Purpose: Venous malformations (VM) involving the hand and forearm often lead to chronic pain and dysfunction, and the threshold for treatment is high due to the risk of nerve and skin damage, functional deterioration and compartment syndrome. The purpose of this study is to demonstrate that sclerotherapy of diffuse and infiltrative VM of the hand is a safe and effective therapy. Materials and Methods: A retrospective review of all patients with diffuse and infiltrative VM of the hand and forearm treated with sclerotherapy from 2001 to 2014 was conducted. All VM were diagnosed during the clinical visit by a combination of physical examination and imaging. Sclerotherapy was performed under imaging guidance using ethanol and/or sodium tetradecyl sulfate foam. Clinical notes were reviewed for signs of treatment response and complications, including skin blistering and nerve injury. Results: Seventeen patients underwent a total of 40 sclerotherapy procedures. Patients were treated for pain (76 %), swelling (29 %) or paresthesias (6 %). Treatments utilized ethanol (70 %), sodium tetradecyl sulfate foam (22.5 %) or a combination of these (7.5 %). Twenty-four percent of patients had complete resolution of symptoms, 24 % had partial relief of symptoms without need for further intervention, and 35 % had some improvement after initial treatment but required additional treatments. Two skin complications were noted, both of which resolved. No motor or sensory loss was reported. Conclusion: Sclerotherapy is a safe and effective therapy for VM of the hand with over 83 % of patients experiencing relief.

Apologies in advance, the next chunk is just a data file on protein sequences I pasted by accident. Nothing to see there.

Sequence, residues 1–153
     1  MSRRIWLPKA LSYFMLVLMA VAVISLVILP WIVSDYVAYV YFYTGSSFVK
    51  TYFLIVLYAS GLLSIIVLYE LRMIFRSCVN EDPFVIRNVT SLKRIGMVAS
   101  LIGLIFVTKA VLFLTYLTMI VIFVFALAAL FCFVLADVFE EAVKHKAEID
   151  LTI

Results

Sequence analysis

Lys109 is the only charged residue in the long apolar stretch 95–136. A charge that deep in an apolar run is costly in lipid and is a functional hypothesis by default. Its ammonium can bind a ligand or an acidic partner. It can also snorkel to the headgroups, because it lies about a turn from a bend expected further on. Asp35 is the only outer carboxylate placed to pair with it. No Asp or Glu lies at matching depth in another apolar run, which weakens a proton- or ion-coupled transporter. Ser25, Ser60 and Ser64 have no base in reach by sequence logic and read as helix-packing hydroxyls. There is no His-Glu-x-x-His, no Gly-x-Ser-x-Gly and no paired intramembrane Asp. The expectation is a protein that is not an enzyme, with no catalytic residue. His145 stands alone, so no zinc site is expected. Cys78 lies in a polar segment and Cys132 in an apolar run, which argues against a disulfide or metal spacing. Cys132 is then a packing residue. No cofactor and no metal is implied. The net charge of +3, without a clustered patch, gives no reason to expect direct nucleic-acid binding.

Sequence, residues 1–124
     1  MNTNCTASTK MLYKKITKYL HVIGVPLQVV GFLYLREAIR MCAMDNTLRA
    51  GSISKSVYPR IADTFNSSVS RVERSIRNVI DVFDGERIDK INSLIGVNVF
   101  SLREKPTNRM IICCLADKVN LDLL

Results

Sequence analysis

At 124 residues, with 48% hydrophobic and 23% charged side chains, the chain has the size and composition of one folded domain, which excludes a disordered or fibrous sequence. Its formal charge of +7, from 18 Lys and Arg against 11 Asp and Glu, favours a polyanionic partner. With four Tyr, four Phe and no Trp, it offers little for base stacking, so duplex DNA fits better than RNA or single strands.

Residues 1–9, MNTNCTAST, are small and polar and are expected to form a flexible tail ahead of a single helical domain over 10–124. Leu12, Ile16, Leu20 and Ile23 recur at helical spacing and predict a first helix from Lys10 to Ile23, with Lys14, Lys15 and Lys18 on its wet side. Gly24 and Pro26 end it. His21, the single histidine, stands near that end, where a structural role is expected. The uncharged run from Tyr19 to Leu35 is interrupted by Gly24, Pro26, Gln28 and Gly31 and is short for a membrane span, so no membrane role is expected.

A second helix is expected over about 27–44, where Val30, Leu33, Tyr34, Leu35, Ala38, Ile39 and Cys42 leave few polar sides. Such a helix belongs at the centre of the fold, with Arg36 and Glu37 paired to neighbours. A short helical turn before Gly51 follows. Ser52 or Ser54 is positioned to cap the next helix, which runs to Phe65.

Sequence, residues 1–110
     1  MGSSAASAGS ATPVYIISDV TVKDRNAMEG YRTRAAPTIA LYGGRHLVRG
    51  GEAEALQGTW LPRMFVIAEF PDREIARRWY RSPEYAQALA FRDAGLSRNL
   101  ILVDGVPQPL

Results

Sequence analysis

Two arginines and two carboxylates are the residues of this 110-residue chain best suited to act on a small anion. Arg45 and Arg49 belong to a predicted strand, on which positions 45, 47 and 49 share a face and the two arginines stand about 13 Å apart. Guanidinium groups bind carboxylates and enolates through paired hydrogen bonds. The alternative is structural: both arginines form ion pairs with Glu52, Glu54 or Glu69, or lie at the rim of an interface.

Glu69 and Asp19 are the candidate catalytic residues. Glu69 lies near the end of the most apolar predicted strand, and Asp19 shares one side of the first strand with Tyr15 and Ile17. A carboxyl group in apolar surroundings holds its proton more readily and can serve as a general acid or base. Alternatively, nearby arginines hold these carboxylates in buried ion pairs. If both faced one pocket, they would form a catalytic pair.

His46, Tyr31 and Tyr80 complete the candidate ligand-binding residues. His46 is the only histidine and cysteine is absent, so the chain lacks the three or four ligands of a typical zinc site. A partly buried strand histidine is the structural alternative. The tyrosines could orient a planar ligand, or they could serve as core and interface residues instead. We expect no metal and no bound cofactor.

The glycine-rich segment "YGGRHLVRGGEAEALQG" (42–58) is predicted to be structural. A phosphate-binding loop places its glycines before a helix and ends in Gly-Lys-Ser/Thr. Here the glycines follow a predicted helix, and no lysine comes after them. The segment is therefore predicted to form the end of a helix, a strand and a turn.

- Venous malformation